LAS VEGAS — Remember the Newton?
In 1993, Apple Inc. began selling what it called a Personal Digital Assistant — an “all-in-one” handheld device that kept your contacts and your calendar handy, let you send e-mail and eventually let you browse the Web. It had no keyboard; instead, you wrote directly on the screen.
The Newton was phased out in 1998. It was ahead of its time.
Now its time has returned. Newton is back — only now it’s called iPhone and Droid and Archos.
After years of being about the Next Big Thing, the annual International Consumer Electronics Show this week is all about the next little thing — small-in-one devices that are blurring the distinctions among tiny netbook computers, dedicated media players, e-book readers and cell phones.
It’s all because content is the new king. As different people use electronics in different ways, publishers are under the gun to deliver whatever content people want on whatever devices they have.
Some want a full computer in their pockets. That’s why we have netbooks, whose sales rose by 72 percent from 2008 to 2009, according to the DisplaySearch PC Shipment and Forecast Report. Sales of desktop systems and traditional notebooks, by contrast, fell by about 11 percent.
Others use their mobile devices to organize their schedules or to watch video and listen to music. That’s what gave us iPhones and Zunes. Or they want directions to their destinations (GPS devices). Or to streamline all their books (Kindles).
A huge segment just wants something portable for nonstop tweeting and Facebooking.
But as people become increasingly wired, they’re realizing they just don’t have enough pockets (or thumbs) for all those standalone devices. That’s why the drive that is reshaping consumer technology is toward so-called converged devices.
“The game has totally changed,” said David Krebs, director of mobile and wireless research for technology analysts VDC Research.
Stand-alone mobile software packages no longer run separate phone functions, like calling and personal data, Krebs said. Instead, they’re crafted together as an integrated platform.
If the new devices now on the market and those expected in the next few weeks are any indication, they could very well be slimmer, lighter, more powerful heirs of the Newton.
Are infant MIDs already outdated?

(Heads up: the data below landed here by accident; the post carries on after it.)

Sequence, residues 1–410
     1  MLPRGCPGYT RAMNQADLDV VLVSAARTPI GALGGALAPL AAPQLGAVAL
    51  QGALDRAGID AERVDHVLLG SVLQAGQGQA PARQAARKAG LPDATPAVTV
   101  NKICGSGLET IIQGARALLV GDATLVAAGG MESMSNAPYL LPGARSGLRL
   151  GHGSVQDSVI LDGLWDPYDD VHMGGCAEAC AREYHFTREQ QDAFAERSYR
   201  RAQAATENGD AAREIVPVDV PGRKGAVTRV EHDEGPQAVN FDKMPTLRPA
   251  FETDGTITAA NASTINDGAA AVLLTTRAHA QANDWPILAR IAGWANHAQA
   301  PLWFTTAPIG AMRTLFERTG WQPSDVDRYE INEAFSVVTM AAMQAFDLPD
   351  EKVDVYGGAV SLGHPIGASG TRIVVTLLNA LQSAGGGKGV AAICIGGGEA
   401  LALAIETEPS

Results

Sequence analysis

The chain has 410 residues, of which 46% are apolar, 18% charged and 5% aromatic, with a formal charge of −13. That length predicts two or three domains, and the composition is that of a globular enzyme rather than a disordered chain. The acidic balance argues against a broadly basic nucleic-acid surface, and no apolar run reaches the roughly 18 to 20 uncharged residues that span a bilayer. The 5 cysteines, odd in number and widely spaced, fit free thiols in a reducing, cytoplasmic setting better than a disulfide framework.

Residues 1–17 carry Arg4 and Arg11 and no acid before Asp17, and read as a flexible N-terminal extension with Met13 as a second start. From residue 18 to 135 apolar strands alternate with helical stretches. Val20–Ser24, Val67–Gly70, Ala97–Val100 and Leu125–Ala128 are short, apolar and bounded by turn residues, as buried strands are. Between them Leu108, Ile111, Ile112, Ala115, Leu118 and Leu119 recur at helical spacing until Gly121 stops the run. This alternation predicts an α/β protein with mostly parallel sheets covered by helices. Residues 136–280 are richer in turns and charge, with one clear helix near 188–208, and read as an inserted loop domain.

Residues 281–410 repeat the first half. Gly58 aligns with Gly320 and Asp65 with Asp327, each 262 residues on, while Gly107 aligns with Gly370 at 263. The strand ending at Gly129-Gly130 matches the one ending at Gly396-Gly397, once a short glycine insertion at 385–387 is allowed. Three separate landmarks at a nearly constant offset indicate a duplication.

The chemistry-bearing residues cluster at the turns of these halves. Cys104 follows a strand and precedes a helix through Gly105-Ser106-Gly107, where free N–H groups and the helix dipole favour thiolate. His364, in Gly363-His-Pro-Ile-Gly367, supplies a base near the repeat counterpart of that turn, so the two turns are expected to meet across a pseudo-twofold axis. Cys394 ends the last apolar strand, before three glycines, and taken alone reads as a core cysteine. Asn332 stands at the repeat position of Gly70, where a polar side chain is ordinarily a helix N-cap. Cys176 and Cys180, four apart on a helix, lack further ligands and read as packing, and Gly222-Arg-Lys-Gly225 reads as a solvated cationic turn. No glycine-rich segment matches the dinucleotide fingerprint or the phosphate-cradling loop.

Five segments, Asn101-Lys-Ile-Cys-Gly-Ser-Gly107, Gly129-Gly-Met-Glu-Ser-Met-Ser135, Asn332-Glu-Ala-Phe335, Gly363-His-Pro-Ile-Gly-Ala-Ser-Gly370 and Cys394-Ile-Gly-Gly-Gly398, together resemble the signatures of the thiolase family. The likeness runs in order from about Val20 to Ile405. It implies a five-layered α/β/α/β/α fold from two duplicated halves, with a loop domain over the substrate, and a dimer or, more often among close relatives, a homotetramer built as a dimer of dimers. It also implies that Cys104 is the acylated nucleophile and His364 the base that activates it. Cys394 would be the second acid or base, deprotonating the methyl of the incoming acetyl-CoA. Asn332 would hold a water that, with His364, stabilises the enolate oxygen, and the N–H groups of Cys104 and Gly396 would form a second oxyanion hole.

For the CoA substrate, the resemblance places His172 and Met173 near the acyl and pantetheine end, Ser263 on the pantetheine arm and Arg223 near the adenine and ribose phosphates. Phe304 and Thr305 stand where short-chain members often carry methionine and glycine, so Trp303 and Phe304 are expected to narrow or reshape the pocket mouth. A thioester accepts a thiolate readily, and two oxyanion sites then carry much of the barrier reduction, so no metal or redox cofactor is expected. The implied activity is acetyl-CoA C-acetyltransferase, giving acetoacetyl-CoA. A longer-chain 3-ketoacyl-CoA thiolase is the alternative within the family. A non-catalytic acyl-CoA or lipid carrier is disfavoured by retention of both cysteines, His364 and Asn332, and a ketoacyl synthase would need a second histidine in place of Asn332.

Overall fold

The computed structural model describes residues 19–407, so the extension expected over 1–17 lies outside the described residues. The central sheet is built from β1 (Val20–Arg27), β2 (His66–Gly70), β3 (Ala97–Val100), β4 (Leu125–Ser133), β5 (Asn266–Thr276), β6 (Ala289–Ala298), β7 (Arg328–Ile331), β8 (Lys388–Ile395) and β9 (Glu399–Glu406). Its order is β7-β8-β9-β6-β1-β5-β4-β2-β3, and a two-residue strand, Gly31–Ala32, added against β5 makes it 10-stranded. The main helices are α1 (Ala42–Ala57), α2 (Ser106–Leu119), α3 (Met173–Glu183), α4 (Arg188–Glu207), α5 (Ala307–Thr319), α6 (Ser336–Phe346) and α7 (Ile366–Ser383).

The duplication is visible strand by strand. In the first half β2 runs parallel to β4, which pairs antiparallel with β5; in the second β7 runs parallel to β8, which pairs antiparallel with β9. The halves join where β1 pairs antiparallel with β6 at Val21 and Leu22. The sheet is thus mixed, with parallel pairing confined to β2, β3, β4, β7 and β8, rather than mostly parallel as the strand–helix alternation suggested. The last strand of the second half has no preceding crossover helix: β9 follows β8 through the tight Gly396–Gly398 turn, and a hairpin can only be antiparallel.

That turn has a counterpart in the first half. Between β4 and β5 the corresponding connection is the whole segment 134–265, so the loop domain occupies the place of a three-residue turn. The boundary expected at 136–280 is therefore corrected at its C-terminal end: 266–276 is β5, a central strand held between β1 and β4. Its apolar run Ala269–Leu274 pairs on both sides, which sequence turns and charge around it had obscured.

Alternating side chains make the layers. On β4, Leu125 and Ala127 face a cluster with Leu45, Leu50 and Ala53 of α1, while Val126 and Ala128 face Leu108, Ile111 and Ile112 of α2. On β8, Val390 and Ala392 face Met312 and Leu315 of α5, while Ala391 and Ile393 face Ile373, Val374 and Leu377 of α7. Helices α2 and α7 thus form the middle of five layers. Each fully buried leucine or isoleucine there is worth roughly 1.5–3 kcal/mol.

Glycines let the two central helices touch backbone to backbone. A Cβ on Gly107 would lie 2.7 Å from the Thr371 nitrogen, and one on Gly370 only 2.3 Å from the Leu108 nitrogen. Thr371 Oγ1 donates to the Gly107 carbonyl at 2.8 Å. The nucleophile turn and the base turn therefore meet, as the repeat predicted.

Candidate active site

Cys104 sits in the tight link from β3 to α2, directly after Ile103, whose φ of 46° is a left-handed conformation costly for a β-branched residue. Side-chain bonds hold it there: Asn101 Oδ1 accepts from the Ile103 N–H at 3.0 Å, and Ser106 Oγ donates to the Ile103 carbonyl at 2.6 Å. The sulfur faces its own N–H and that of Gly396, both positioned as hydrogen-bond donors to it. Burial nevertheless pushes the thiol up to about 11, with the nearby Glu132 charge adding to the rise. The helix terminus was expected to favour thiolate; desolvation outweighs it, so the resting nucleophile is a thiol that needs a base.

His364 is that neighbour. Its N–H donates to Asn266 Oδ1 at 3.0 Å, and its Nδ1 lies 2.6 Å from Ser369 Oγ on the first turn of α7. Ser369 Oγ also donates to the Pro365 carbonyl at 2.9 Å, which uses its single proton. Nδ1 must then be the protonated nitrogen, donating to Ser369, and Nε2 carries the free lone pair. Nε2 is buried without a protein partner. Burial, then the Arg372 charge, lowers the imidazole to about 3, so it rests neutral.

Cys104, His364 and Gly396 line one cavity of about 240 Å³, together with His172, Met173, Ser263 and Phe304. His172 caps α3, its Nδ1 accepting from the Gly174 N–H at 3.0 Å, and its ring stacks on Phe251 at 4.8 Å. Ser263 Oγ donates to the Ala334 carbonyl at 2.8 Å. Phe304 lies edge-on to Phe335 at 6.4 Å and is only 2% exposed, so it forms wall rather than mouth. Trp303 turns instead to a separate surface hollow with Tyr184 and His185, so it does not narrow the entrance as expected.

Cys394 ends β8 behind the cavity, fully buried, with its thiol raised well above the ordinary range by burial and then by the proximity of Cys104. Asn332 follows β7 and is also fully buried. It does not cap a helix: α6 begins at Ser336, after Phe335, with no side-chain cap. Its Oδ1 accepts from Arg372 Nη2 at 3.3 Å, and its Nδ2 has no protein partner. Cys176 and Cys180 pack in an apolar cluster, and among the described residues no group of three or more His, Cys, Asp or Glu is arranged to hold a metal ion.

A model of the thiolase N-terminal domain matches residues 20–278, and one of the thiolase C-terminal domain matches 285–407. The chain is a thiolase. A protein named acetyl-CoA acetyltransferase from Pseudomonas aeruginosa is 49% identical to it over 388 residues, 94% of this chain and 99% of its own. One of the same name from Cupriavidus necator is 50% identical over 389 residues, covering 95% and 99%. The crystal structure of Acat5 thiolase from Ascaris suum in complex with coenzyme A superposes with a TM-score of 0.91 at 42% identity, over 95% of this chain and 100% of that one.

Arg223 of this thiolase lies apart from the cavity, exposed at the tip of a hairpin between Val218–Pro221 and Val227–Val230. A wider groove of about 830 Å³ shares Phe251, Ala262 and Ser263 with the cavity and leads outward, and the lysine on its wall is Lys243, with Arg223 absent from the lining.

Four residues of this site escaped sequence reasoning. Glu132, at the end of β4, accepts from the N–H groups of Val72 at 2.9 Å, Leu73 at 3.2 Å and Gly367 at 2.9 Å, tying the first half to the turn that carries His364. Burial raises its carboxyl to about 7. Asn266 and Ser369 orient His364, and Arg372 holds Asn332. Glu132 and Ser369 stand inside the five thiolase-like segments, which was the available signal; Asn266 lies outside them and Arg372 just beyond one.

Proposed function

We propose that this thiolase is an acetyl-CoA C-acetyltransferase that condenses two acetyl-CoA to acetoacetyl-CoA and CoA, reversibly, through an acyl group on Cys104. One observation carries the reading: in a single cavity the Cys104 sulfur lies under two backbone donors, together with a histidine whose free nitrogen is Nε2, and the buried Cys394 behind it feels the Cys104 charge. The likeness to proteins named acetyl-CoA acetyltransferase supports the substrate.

The shorthand is “miniature Internet device,” or MID. Products like the Archos 5 Internet Media Tablet, which was released in September, can play your music and video files stored on a hard drive as large as 250 gigabytes; boast access to the full Web (with support for Flash-based sites) and workplace applications like e-mail and conferencing; stream live TV and radio over WiFi (some with built-in Tivo-like DVRs); and provide GPS navigation.
The Archos 5 runs on Google’s Android operating system, which offers more than 16,000 more productivity, gaming and communications apps. It has just two buttons, it’s only 5.6 x 3.1 inches, and it weighs about 6 ounces.
The Archos 5, however, is just the beginning. At 8.2 x 4.6 inches, the viliv X70 EX runs Windows XP. And the UMID M1 — at 6.3 x 3.7 inches, it fits in a jacket pocket — runs Windows XP and adds a real qwerty keyboard in a cell phone-style clamshell design.
MIDs remain in the early-adopter stage right now, but they’ll get a big push at CES. Viliv will debut the N5, with a 1024-resolution 5-inch screen and its own qwerty keyboard, and Dell is expected to pull the lid off an Android MID that would include 3G connectivity.
And yet, the question is whether progress has already roared past such devices, which fall somewhat awkwardly between netbooks and smartphones in size.
With version 2.0 of its Android OS, Google jump-started the smartphone market in late 2009 when it released the Motorola Droid through Verizon, a powerhouse phone that replicates most (though not all) of the Archos 5’s features, packed in a handset the same size as an iPhone.
Only 22 percent of Americans had even heard of Android as recently as August, according to comScore Inc., which tracks the wireless market. But it will have a big impact on smartphone trends and sales this year. At least a dozen Android phones, some running an even more advanced 2.1 Android release, are expected in the first months of 2010.